After two days of legal argument, the Supreme Court has retired to reach its decision on the Tomlinson-Blake v the Royal Mencap Society.
A ruling isn’t expected for another three months, but in the meantime, Matthew Wort, a partner at Anthony Collins Solicitors, has expressed his opinion on which way the Supreme Court will go.
Wort, who helped Care England in its intervention on the case at the Court of Appeal, said he is “cautiously optimistic” that the Supreme Court will accept the case put forward by Mencap that the National Minimum Wage (NMW) regulations seek to achieve a “bright line”, such that in all cases where someone is required to sleep at a place of work and are provided with suitable facilities for sleeping, they are only working when they are awake and working.
During the hearing, Lord Wilson recognised the importance of having clarity for employers in what should be paid given the potential criminal sanctions if the NMW is not paid.
Wort explained that the “multi-factorial test” put forward on behalf of Tomlinson-Blake to determine whether an individual is ‘working’ even though they may be asleep, would make it “very hard” for any provider to have clarity as to how the NMW regulations would be interpreted in their circumstances.
“My feeling is that the judges will want to get through the uncertainty created by the lower courts in various decisions over the years and take a straight forward interpretation of the Regulations, reflecting the intention of parliament at the time. However, they have lots of previous confusion in the cases to wade through so I am afraid we need to wait and see where they end up,” Wort said.
The partner stated that a number of comments were made that could suggest support for the sleep-in worker’s position.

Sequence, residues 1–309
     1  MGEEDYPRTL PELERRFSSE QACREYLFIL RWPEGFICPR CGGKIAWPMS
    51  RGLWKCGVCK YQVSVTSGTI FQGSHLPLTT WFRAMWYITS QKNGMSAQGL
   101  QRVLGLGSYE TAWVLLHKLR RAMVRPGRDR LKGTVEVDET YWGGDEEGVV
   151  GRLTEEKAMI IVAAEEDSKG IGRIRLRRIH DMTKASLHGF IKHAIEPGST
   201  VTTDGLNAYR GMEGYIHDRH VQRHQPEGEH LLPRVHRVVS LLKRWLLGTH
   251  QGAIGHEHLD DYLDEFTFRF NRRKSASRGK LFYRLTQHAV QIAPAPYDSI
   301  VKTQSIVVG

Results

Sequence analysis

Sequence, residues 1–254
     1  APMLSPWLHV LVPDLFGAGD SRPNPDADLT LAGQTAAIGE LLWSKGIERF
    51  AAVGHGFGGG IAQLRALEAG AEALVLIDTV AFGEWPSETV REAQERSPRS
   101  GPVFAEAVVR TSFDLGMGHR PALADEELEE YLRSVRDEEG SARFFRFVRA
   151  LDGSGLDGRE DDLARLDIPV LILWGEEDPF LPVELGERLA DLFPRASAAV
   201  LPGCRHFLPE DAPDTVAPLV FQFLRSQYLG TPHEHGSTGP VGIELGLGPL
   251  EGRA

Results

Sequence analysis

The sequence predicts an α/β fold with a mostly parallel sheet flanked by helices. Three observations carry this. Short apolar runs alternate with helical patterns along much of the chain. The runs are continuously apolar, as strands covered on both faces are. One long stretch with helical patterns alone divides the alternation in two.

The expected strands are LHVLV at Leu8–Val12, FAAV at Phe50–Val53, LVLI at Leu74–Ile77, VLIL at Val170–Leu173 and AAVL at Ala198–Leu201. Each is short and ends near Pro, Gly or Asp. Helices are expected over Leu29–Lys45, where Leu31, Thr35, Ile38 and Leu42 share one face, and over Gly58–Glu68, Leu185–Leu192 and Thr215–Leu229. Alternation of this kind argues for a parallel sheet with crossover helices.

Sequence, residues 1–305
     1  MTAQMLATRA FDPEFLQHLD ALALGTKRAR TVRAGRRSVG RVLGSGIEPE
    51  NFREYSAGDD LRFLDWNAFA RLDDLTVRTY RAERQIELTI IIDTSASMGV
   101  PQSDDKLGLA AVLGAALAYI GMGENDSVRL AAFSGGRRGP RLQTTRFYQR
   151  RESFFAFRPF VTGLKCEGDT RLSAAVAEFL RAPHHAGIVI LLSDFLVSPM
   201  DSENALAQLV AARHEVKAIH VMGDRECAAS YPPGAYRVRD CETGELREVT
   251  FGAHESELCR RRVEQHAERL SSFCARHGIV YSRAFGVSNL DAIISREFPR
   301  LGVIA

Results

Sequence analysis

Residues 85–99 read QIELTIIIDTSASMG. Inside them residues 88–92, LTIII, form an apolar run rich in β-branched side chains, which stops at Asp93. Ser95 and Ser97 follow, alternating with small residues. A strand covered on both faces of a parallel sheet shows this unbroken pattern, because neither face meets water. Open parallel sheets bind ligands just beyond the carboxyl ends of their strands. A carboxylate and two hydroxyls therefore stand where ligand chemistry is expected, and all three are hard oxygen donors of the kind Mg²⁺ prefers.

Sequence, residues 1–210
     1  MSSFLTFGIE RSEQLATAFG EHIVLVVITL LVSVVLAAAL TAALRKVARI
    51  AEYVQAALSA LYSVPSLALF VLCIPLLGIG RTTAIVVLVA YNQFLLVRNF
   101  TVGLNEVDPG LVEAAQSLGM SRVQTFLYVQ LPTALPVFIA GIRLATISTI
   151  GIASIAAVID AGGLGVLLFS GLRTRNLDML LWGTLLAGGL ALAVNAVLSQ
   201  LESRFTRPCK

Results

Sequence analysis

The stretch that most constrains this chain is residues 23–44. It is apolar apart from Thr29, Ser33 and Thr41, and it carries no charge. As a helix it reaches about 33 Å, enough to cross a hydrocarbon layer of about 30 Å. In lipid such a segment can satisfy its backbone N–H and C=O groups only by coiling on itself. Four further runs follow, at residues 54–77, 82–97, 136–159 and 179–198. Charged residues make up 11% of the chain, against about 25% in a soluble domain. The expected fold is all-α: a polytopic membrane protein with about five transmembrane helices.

“For example, Lord Kitchin recognised how the arguments on behalf of Mencap would mean a worker who expects to be disturbed six times a night would still only be entitled to be paid for their disturbance time. This highlights one of the gaps in the legislation that the courts have effectively been seeking to fill,” he said.
Wort explained that if the decision goes in Mencap’s favour, care providers will then need to address their future approach to payment for sleep-ins, ensuring they remain competitive in the market, but working within the financial envelope available.
He said the Low Pay Commission should be tasked with recommending a minimum payment for sleep-ins.
If the decision goes against Mencap, it could mean care providers having to assess their payments to workers over the last six years with the potential of HMRC enforcement action against them if there is a shortfall in NMW.
Care charities have estimated a sector-wide liability of £400m if all time spent during sleep-ins is found to be working time for NMW purposes.
“The six years will run from a future date – either the date of a Notice of Underpayment being served on the employer or the date a provider joins any new social care compliance scheme that may be established. All eyes would turn to HMRC to see whether and when they will establish a new compliance scheme,” said Wort.
“It would also mean an immediate need to ensure NMW is paid for all sleep-ins moving forward, and for funding to be found for that. Providers may wish to engage with their commissioners now to see if they will commit to funding NMW for sleep-ins if the judgement goes against Mencap.”
Click here to read more details about the case.